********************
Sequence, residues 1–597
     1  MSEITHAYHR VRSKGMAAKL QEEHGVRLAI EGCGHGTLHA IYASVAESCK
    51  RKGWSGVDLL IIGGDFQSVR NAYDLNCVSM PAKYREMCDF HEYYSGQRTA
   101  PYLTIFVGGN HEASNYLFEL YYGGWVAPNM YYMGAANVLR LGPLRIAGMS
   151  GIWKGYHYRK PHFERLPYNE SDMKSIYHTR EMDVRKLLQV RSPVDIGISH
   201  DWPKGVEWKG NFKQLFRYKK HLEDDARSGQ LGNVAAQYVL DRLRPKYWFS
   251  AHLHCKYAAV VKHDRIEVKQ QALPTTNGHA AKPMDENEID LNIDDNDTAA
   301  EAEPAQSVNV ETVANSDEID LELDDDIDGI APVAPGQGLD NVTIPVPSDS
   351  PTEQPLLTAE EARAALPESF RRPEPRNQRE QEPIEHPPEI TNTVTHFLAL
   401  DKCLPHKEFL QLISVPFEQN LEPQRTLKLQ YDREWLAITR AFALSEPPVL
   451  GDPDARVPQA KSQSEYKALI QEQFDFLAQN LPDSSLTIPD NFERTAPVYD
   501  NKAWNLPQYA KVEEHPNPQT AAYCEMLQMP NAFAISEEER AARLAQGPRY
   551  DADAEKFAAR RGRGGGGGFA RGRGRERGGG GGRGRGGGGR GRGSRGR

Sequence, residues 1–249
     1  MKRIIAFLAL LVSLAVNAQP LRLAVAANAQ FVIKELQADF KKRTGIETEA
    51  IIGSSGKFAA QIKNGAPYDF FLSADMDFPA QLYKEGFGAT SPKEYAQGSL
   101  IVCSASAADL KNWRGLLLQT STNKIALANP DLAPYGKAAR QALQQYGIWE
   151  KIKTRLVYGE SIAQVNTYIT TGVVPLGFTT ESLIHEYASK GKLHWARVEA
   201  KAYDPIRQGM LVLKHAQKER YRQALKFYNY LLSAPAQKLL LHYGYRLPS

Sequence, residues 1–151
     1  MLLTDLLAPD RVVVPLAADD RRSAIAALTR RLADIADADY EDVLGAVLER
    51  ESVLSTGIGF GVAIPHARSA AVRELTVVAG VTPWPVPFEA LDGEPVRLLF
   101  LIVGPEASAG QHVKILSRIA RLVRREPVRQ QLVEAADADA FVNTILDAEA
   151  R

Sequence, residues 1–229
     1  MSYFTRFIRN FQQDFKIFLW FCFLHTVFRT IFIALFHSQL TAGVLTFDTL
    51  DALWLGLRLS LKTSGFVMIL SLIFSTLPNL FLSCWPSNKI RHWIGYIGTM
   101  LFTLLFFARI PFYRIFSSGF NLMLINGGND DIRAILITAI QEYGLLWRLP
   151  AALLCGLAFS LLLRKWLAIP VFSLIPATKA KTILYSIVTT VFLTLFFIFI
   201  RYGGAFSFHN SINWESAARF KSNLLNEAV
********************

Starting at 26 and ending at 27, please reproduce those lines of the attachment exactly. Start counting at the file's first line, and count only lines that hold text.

     1  MSYFTRFIRN FQQDFKIFLW FCFLHTVFRT IFIALFHSQL TAGVLTFDTL
    51  DALWLGLRLS LKTSGFVMIL SLIFSTLPNL FLSCWPSNKI RHWIGYIGTM